He shrugged and dropped his gaze. “Look, I should have taken the time long ago. But you’re kind of touchy and I didn’t bother for whatever reason.” He lifted his eyes to mine. “The more we work cases together, the more I realize I respect what you do. Because of that I want to know more about you. Is that a crime?”

His sincerity was like a warm blanket as it washed over and through me. I shivered at the intensity of the feelings it drummed up in me. Confused by the strange sensations I was experiencing, I grabbed the shot and took a sip, coughing as the bitter liquid slid down my throat.

He smiled and threw his shot back in one gulp. Then he licked his lips and that shiver rippled through me again. What the fuck was going on with me? My cock throbbed gently between my legs as he watched me intently. If I didn’t know better, I would say we were having a moment. A sexual moment. But this was Thompson and I didn’t have moments with guys like him. Or anyone for that matter lately.

“See, that wasn’t so bad, was it?” he asked softly.

I just stared at him uncertain of what to say and hoping he couldn’t tell what was going on inside of me.

He leaned back against the booth. “Why do you suppose Samuel didn’t talk to you tonight?”

That was still bugging me too. “I’m not sure.” I touched my throat as I remembered the choking sensation that had come over me at the crime scene. It had almost felt as if the presence of the murderer was there instead of Samuel’s.

“Has that ever happened before?”

“You mean the dead person not talking to me part?”


“Sometimes if the body is moved from where the murder took place, it’s like the soul stays behind where they died.” I swallowed. “But from the amount of blood and…” I shook my head. “I think that was definitely the crime scene.”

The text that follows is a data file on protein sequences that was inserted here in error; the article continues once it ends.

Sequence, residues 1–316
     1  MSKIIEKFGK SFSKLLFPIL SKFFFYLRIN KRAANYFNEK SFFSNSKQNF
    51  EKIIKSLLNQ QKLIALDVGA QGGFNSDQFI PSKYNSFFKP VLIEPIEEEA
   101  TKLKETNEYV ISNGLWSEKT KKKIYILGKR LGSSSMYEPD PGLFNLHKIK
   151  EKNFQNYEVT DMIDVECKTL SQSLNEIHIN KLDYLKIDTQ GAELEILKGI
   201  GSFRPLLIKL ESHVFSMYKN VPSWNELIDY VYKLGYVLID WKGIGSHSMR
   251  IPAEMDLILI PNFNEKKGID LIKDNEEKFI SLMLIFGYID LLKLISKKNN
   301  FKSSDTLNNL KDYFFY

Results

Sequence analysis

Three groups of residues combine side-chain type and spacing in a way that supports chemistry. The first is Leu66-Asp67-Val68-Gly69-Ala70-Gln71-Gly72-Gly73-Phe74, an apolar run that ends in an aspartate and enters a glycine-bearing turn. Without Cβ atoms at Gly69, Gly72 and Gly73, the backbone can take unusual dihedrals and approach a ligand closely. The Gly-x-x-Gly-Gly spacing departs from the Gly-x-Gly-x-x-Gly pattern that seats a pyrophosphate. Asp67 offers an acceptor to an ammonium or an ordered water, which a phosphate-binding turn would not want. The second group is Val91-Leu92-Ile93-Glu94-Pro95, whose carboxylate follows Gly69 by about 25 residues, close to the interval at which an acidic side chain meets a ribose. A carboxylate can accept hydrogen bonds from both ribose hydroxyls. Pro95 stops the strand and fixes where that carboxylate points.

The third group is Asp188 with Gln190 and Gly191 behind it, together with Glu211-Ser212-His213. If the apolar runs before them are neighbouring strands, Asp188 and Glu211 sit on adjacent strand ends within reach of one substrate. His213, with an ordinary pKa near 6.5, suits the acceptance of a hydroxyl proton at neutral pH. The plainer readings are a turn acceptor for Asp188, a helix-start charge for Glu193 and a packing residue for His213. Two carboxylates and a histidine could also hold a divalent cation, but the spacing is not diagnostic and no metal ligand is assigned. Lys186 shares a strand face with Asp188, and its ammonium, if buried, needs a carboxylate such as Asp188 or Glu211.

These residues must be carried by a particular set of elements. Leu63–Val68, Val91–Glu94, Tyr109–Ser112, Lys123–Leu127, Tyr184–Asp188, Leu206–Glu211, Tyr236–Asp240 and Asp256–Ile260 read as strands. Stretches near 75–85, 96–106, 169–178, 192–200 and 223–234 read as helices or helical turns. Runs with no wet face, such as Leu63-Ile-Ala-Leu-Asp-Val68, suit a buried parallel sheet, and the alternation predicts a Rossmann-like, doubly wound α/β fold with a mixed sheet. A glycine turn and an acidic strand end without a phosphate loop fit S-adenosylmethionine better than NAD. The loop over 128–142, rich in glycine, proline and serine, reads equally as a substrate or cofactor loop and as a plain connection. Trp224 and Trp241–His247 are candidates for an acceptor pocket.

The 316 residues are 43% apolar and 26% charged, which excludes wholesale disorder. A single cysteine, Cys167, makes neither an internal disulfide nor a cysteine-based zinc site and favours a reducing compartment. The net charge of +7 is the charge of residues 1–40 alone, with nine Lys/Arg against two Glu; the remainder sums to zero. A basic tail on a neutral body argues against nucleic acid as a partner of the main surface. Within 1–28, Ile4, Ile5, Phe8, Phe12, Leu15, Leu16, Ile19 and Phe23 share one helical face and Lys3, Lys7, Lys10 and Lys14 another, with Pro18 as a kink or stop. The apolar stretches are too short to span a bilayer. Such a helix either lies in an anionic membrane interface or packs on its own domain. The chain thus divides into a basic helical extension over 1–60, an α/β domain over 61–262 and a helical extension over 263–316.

“Me too.” He cleared his throat. “Have you always had the ability to talk to…?”

“Dead people?” I guess maybe he really was interested in who I was. “Yes. But it’s gotten stronger with age.”

“I hate to picture you as a kid seeing the gruesome shit you do.” He bit his lip.

“I didn’t. Well, at least not at first.” I swallowed hard. “I used to just get feelings about stuff. Like maybe someone was beside me when no one was there.”


“Yeah.” I sipped my shot some more, actually enjoying the heat that was settling in my stomach now. “Then I started actually seeing things that weren’t there. Or at least I was the only one who knew they were there.”

“Like what?”

I laughed. “There was this one guy, I think he was in a gang and his own guys popped him. He would hang outside the front of the Popeye’s Chicken in town, bitching about how he was betrayed and stuff. He was one of the first ones I really heard clearly.”

Thompson grinned. “Popeye’s Chicken is delicious. If I ever get murdered, that’s where I’m hanging out too.”

We held each other’s gaze, smiling a little longer than usual. I looked away first. “Anyway, I started noticing spirits more and more, especially the ones who died violently.” To be more accurate I should have said they started noticing me noticing them. It was as if the second they discovered I could see and hear them, they were desperate to tell me stuff. Sometimes I pretended I couldn’t hear them just so I could ignore them in peace.